– Swimming pools (It is very hot here, and you can’t.. shouldn’t..swim in the lake)
– Friends (to hang out with and chill at home) – Family (to enjoy holidays with)
– Fruits…especially berries / sushi / frozen yogurt (a by-product of lacking food variety..not having my favorite foods)
– Health inspectors / health codes (it is a thing) (You don’t want to drink the water unless it is bottled & I don’t think I would chance a look into the kitchen at any hoteli, just make sure not to eat raw foods)
– Cold weather / SNOW (I live on the equator where the temperature is hot all year. I am a cold weather person..love my Seattle where it is cold most of year, with snow)
– Accessible health care (including vets) (Haven’t personally had to go to the doctor yet, but finding someone to give my pup shots and care has been a hassle)
– Easily available outdoor recreational activities (camping, hiking, skiing, parks, shooting, etc..)
– Ability to drive myself in a motorized vehicle (it would make traveling sooooo much easier and quicker, plus not dragging luggage through cramped transportation)

Definitely things I miss, but things I can live without for 2 years of my life without “much” complaint. Insert pause for laughter. But there are things I am lucky to have and make the transition of living here easier…

– Electricity
– Internet
– Less rural area / decent selection of goods in town
– Very close to a major city ( my once a month “American” day in the city) – Working for a great organization / plus awesome counterparts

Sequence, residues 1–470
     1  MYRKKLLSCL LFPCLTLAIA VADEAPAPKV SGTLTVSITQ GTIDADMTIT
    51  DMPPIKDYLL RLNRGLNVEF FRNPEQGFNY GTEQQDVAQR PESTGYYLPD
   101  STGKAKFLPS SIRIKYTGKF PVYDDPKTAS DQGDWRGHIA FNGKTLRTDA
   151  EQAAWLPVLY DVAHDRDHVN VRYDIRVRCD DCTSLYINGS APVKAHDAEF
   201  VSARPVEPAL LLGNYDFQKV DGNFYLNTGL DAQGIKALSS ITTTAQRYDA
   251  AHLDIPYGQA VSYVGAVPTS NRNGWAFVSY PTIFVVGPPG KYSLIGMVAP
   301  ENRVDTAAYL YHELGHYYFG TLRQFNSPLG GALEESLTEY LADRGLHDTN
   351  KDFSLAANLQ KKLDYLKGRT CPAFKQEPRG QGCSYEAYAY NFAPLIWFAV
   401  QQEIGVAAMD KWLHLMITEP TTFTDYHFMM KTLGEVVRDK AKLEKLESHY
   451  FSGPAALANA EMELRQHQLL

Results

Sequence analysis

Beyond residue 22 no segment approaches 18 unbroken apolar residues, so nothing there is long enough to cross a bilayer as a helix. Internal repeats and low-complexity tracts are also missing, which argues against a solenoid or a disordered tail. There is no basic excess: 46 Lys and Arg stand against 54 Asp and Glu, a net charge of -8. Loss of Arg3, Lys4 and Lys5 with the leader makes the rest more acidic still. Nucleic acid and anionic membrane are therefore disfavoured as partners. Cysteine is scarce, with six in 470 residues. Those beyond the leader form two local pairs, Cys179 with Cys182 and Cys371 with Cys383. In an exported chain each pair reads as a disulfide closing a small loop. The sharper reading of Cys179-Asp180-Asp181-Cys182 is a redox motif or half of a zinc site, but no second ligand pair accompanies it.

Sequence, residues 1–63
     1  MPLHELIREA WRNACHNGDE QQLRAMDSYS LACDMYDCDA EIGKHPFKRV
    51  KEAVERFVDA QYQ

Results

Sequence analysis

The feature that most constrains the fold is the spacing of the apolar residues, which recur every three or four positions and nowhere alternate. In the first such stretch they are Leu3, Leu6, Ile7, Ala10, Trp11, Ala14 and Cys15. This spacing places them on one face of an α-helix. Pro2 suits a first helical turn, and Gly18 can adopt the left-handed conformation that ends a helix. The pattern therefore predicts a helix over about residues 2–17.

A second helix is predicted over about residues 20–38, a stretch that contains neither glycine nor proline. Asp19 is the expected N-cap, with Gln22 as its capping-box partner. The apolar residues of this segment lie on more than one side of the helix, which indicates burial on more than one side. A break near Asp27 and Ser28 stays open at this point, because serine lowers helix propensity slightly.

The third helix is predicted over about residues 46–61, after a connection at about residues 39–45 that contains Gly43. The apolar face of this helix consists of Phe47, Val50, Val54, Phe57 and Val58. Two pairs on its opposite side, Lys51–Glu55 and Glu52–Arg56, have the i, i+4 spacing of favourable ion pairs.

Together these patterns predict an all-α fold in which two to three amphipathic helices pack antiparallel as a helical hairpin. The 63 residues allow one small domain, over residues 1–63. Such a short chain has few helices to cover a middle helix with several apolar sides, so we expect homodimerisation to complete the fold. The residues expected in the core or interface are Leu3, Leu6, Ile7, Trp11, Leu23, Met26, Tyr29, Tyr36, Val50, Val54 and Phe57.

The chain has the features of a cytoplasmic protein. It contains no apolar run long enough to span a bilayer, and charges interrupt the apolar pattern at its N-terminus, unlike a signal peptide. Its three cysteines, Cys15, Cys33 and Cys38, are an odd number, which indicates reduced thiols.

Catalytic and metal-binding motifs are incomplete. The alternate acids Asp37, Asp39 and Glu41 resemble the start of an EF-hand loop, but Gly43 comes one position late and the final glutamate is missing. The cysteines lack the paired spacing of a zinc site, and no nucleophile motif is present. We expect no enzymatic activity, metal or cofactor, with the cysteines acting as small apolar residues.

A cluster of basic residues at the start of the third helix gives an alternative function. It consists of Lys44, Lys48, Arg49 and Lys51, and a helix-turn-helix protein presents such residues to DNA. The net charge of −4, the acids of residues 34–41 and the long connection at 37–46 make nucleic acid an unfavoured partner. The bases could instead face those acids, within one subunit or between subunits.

– Cozy little house / custom furniture to make it my own – No traditional choo
– My puppy…a constant companion, snuggler, and security system – Bits and pieces from home (pictures, cards, American flag, inspirational calendar)
– My laundry lady (I finally caved and now hire someone to do my laundry)
– Good beer

See. I like to see the silver lining. There are things I miss, but they are balanced with the things I am very lucky to have. Having pictures and cards to put on the walls definitely helps and creates a little sanctuary I can retreat to whenever Kenya overwhelms me and I need closeness of home. What I could do without in Kenya…
– mystery illnesses
– mosquito bites
– random bug bites and skin issues
– HEAT

If I had to identify the hardest thing about PC to the next group of volunteers coming in, I would definitely say… Isolation.

I’m sure you have heard it. I am sure you are preparing for it. But it is more than just not being around peers, friends and family. It is being isolated as an outsider in a new culture. It is the isolation from things that are familiar.

Between the months I am planning different fun trips…Ethiopia, Mt.Kenya, Mt.Elgon, Kakamega Rainforest, Uganda whitewater rafting/bungee jumping and a gorilla/chimpanzee trek, Massai Mara safari, Tsavo West NP, and Tanzania for either Zanzibar or Mt.Kilimanjaro. These may or may not happen, and they are planned trips through 2015! A week here, weekend there. That way I am not constantly cooped up in a village working. I have to stretch my adventure legs and work out my camera!!